MANCHESTER, NH – At last week’s meeting of the Board of Mayor and Aldermen, Alderman-at-Large Joe Kelly Levasseur questioned why convicted sexual offenders are allowed to stay at the city’s homeless shelters.
The short answer is because administrators can’t discriminate, particularly when they receive state and federal funds.
Presumably, Levasseur raised the issue because of the death of Jean Lascelle, 67, shot in the head on Feb. 13, 2021, outside the temporary winter shelter at 361 Chestnut St., the former Manchester Police Department.
Lascelle was a registered sex offender who listed the shelter as his address on the state’s Registration of Criminal Offenders list.
He was convicted in 1984 of aggravated felonious sexual assault of a child under the age of 13, more than 36 years ago.
Heather Hamel, public information officer for the Manchester Police Department, said there are about 500 sexual offenders registered in the city and they are allowed to register as homeless. Families in Transition/NH, she said, does not discriminate and allows sexual offenders to stay at the shelters.
Maria Devlin, president and CEO of Families in Transition (FIT)/NH, explained the shelter is a “low barrier shelter,” which means it is an environment that removes as many conditions to entry as possible and responds to the needs and concerns of people seeking shelter.
“The ‘why’ is two-fold,” Devlin said in an email. “For starters, we receive federal and state funding that prohibits this type of discriminatory policy. Secondly, it goes against our mission and core values. We aim to treat everyone with dignity and empower people to achieve their fullest potential no matter where they are in life.”
Charlie Sherman, who was executive director of the shelter for 6 ½ years when it was the New Horizons Shelter, said they received federal funds as well but barred sexual offenders and arsonists from staying there.
“Registered sex offenders and convicted arsonists were the only people not allowed to stay at the shelter,” Sherman said Monday. He said it didn’t make sense to him to have “someone convicted of raping five women” in the same facility as vulnerable people, including some women who were sexually abused as children or adults.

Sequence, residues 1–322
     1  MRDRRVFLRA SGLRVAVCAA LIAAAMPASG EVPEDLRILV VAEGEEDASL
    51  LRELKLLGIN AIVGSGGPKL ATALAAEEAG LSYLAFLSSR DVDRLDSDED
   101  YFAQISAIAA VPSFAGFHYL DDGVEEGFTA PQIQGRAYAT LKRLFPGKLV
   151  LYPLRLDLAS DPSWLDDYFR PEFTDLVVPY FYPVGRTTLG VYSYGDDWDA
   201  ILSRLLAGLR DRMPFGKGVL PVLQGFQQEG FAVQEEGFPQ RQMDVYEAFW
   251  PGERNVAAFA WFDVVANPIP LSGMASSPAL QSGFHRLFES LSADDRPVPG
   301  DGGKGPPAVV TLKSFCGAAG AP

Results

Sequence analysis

He said in 2016 the ACLU took the shelter to court over the issue. “It went before Judge Ken Brown,” he said. “The case was thrown out.”
Sherman said there are other agencies a sex offender can contact to find shelter, such as 2-1-1. He said they generally provide a motel room and help the individual find housing.
Sherman said when he headed the shelter they also received federal funds of a little over $200,000 of its $1.4 million budget. He said had they lost the court case, he was still not about to change the policy and planned to fundraise what was needed.
In the case of Lascelle, however, Sherman said he would have been inclined to work something out since the conviction was so many years ago.
Hamel said there are three levels of sexual offenders in New Hampshire:
- Tier 1, required to register with the MPD four times a year;
- Tier 2 and 3, required to register twice a year.
The registry is handled by NH State Police who, she said, would know how many homeless sexual offenders there are in the state and city. Manchester Ink Link left has requested that information but has yet to receive a reply.
According to the criminal offenders’ registry, Lascelle’s criminal history dated back to 1976 with his last conviction in 2005. He was convicted in New Hampshire of disorderly conduct in 1974; false report in 1976; possession of a controlled drug in 1981; aggravated felonious sexual assault in 1984; disorderly conduct in 1994; harassment in 1998; duty to report and unsworn falsification in 2005.
Timothy Johnson, 38, was arrested last Wednesday in Framingham, Mass., on a fugitive from justice warrant charging him with second-degree murder in Lascelle’s death. Johnson is fighting his return to New Hampshire to face the felony charge.